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But vulgar hands may vulgar likeness raise
By slow degrees the godlike art advanced ;
Rome raised not art, but barely kept alive,
* The ancients did not understand perspective; accordingly their figures represent those on an Indian paper. It seems long before it was known in England; for so late as 1634, Sir John Harrington thought it necessary to give the following explanation, in the advertisement to his translation of Orlando Furioso.
“ The use of the picture is evident;--that, having read over the book, they may read it as it were again in the very picture; and one thing is to be noted, which every one haply will not observe, namely, the perspective in every figure. For the personages of men, the shapes of horses, and such like, are made large at the bottom, and lesser upward; as, if you were to behold all the same in a plain, that which is nearest seems greatest, and the farther shews smallest, which is the chief art in picture.”
Thus, in a stupid military state,
Long time the sister arts, in iron sleep,
Thence rose the Roman, and the Lombard line;
Thy genius gives thee both ; where true design, Postures unforced, and lively colours join, Likeness is ever there; but still the best, (Like proper thoughts in lofty language drest,) Where light, to shades descending, plays, not strives, Dies by degrees, and by degrees revives. Of various parts a perfect whole is wrought; Thy pictures think, and we divine their thought.
Shakespeare, thy gift, I place before my sight ;* With awe, I ask his blessing ere I write; With reverence look on his majestic face; Proud to be less, but of his godlike race.
* This portrait was copied from one in the possession of Mr Betterton, and afterwards in that of the Chandos family. Twelve engravings were executed from this painting, which, however, the ingenious Mr Stevens, and other commentators on Shakespeare, pronounced a forgery. The copy presented by Kneller to Dryden, is in the collection of Earl Fitzwilliam, at Wentworth-house; and may claim that veneration, from having been the object of our author's respect and enthusiasm, which has been denied to its original, as a genuine portrait of Shakespeare. It is not, however, an admitted point, that the Chandos picture is a forgery: the contrary has been keenly maintained ; and Mr Malone's opinion has given weight to those who have espoused its defence.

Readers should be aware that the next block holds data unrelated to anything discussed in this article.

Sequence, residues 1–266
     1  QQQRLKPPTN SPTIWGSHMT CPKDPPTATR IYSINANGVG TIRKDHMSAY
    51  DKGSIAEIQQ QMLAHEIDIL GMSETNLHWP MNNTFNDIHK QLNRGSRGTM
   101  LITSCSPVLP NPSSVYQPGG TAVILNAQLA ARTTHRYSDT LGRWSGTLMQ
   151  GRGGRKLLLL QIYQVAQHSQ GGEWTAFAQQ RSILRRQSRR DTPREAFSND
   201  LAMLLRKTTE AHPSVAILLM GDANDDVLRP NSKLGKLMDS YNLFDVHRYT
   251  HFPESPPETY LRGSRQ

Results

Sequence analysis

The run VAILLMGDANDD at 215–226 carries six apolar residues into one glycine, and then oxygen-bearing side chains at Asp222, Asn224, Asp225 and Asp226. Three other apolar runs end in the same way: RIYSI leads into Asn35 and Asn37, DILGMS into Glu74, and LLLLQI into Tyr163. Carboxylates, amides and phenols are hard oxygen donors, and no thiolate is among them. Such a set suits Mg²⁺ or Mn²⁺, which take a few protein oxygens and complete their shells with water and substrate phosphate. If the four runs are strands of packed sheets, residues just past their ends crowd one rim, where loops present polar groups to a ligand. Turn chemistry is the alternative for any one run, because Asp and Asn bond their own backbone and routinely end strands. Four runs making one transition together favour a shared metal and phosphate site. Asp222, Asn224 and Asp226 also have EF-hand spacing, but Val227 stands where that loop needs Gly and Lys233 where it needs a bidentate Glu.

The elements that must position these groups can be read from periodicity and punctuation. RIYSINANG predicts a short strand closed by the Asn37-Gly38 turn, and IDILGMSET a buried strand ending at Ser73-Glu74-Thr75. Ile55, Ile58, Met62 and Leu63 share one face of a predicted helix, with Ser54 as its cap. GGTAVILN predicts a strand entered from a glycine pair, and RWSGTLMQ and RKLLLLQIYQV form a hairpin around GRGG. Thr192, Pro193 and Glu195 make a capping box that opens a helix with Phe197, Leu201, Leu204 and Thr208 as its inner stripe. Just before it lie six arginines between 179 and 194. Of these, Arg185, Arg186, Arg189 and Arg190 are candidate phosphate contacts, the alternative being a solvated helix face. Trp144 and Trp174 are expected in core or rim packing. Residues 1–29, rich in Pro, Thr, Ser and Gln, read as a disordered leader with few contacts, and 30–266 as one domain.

His soul inspires me, while thy praise I write,
, When on wild nature we ingraft our skill, Yet not creating beauties at our will.
But poets are confined in narrower space, To speak the language of their native place;
The painter widely stretches his command,
Sure some propitious planet then did smile,
* Great Rome and Venice early did impart To thee the examples of their wondrous art. Those masters, then but seen, not understood, With generous emulation fired thy blood; For what in nature's dawn the child admired, The youth endeavour'd, and the man acquired.
If yet thou hast not reach'd their high degree, 'Tis only wanting to this age, not thee. Thy genius, bounded by the times, like mine, Drudges on petty draughts, nor dare design A more exalted work, and more divine. For what a song, or senseless opera, Is to the living labour of a play ; Or what a play to Virgil's work would be, Such is a single piece to history. But we, who life bestow, ourselves must live; Kings cannot reign unless their subjects give; And they, who pay the taxes, bear the rule : Thus thou, sometimes, are forced to draw a fool ;t
* He travelled very young into Italy. Dryden.
+ Mr Walpole says, that « where Sir Godfrey offered one picture to fame, he sacrificed twenty to lucre, and he met with customers of so little judgment, that they were fond of being paint
But so his follies in thy posture sink,
Else should we see your noble pencil trace
More cannot be by mortal art exprest,
ed by a man who would gladly have disowned his works the moment they were paid for. The same author gives us Sir Godfrey's apology for preferring the lucrative, though less honourable, line of portrait painting. “ Painters of history," said he, “ make the dead live, and do not begin to live themselves till they are dead. I paint the living, and they make me live.”Lord ORFORD's Lives of the Painters. See his Works, Vol. III. p. 359. Dryden seems to allude to this expression in the above lines.